As the West continues its struggle with hard right extremists, Malaysians have perhaps looked at the most powerful country in the world and felt a chill of déjà vu. We’ve had plenty of experience with contradictory statements from our public officials, our messy bureaucracy and a childish administration that seems to exist in its own deluded reality.
The doublespeak and the inflammatory rhetoric of Donald Trump’s administration in the face of criticism is eerily reminiscent of what we go through in Malaysia on a regular basis, and perhaps it is time too to look at the resurgence of right-wing rhetoric around us.
Conservatism takes many forms, but we’re concerned here with social conservatives, who of late have earned for themselves a black name in the United States for their disregard of boundaries in their determination to win the culture war. In the highly charged protest against the withdrawal of tax exemptions from racist Christian colleges, we cannot fail to see that the festering heart of the movement was always just below the surface.
But what of Malaysia, where conservatism has been a way of life for the better part of our history since independence?
Malaysian conservatism has long revolved around the “Malay way of life”, which ostensibly revolves around the culture and customs of the Malays, but has evolved in recent decades into one centred on a strict and punitive version of Islam. And thus, in recent years, we’ve been watching a race among various groups to see which can be more conservative than the others.
When NGOs can say barefacedly that non-Malays and non-Muslims must pay taxes but accept being exiled from the administrative process of the country, one must wonder if we have reached peak conservatism – in other words, the rock bottom. Add to that the inflammatory rhetoric that states that Chinese Malaysians are intruders originally brought in by the British to oppress the Malays, and one has to wonder if the situation is absolutely hopeless.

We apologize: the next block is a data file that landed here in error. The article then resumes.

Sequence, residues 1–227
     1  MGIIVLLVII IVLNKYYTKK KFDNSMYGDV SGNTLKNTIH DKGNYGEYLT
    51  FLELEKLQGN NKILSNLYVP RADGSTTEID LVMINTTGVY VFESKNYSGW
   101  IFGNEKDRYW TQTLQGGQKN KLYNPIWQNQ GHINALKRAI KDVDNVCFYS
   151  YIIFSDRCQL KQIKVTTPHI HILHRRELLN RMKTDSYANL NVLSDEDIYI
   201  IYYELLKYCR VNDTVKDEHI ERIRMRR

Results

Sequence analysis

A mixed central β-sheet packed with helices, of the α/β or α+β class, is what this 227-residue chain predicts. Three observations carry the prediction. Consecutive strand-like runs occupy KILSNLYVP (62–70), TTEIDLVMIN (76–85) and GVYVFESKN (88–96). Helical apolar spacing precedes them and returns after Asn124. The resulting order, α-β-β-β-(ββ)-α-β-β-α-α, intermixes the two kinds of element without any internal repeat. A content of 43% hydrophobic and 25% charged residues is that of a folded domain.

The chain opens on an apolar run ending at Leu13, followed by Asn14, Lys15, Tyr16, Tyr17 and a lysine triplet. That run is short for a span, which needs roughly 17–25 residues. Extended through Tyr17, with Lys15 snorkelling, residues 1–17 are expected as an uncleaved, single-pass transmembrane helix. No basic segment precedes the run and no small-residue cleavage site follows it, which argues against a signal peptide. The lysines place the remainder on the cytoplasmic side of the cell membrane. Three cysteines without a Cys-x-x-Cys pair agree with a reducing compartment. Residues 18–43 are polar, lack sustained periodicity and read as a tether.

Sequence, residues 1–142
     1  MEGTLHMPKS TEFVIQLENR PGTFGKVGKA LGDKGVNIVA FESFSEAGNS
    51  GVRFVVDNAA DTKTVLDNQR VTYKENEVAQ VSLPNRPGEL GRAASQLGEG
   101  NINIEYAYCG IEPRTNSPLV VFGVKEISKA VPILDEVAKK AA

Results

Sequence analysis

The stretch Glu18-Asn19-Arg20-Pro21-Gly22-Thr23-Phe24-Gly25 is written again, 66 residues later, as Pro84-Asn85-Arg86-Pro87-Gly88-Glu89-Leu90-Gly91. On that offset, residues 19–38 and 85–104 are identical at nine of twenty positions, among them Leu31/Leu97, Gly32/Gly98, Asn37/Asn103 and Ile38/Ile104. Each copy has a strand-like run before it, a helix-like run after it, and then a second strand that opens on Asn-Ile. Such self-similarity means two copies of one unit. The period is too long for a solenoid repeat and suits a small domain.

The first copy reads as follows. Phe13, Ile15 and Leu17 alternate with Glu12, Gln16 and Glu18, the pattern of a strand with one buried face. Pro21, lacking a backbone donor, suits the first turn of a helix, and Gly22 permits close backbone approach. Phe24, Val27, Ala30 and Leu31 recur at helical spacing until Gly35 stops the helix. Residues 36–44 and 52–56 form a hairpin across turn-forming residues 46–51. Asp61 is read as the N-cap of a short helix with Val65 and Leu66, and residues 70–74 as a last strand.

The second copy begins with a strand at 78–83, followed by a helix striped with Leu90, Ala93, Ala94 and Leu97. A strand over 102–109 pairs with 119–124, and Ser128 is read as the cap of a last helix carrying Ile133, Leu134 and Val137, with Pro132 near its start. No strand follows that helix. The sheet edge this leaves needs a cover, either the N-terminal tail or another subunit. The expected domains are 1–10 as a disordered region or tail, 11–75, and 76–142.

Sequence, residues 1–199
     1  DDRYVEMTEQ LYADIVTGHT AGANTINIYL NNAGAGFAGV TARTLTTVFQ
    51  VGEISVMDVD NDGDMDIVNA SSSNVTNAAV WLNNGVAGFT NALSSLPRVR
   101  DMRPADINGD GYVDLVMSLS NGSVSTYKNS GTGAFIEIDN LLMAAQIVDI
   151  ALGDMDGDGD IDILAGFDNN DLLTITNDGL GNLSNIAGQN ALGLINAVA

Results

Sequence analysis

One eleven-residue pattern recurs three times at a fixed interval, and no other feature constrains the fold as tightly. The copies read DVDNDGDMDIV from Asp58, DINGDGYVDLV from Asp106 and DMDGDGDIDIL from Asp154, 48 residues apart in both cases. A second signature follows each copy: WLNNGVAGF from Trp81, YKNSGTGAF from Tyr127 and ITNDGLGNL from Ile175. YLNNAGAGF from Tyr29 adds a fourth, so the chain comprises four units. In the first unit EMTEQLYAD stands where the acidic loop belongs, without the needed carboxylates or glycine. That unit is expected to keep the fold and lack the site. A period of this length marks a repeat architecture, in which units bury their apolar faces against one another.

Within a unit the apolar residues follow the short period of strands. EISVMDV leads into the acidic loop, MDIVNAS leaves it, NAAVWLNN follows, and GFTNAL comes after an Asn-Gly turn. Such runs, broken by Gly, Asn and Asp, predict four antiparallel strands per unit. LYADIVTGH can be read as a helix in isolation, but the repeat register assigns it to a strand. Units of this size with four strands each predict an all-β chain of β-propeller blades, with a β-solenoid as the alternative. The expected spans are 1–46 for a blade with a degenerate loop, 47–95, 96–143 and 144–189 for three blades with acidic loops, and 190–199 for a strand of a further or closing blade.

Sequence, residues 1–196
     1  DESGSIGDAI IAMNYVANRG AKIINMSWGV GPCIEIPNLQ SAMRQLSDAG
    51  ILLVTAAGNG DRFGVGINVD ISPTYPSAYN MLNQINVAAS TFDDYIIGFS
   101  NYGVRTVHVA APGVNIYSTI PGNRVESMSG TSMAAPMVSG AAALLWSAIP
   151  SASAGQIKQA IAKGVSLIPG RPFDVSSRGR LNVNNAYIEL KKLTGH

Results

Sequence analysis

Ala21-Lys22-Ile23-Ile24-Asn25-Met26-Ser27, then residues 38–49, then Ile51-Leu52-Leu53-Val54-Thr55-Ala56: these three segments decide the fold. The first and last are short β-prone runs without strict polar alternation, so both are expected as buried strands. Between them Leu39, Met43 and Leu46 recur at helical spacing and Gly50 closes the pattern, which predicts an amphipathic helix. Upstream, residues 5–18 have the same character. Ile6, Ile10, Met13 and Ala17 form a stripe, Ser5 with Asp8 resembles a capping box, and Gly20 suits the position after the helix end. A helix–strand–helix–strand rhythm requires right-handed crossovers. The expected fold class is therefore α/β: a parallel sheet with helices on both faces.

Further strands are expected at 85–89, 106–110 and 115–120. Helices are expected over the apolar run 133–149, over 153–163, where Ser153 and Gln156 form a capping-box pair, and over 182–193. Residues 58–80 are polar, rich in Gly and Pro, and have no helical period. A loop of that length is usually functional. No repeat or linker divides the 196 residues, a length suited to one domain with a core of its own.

Conservatism’s biggest weakness has always been the assuredness of its own righteousness, and as it has slid further to the right, those pronunciations of religious privilege become ever louder. One suspects even the conservatives know that loud noises are needed to obscure the shakiness of their positions.
Much like Trump’s self-contradicting evangelical Christian support, conservatives are far too often willing to ignore logical fallacies and ideological inconsistencies to ensure that their message makes its way out into the mainstream. Conservative commentators in the US have observed this phenomenon and have made much of the battle for the Christian soul that Trump’s election represented. That battle was obviously lost and has resulted in the America we see today.
Modern Malaysian conservatism does not lie at a crossroads. It continues down that same path it was set on by those who claimed to succeed Tunku Abdul Rahman’s spirit, absorbing and distorting the narrative in its favour every step of the way. At which point will it be time for self-reflection? Without that moment of clarity, the fear that things will never improve becomes one that is too close to the skin.
Scott Ng is an FMT columnist.
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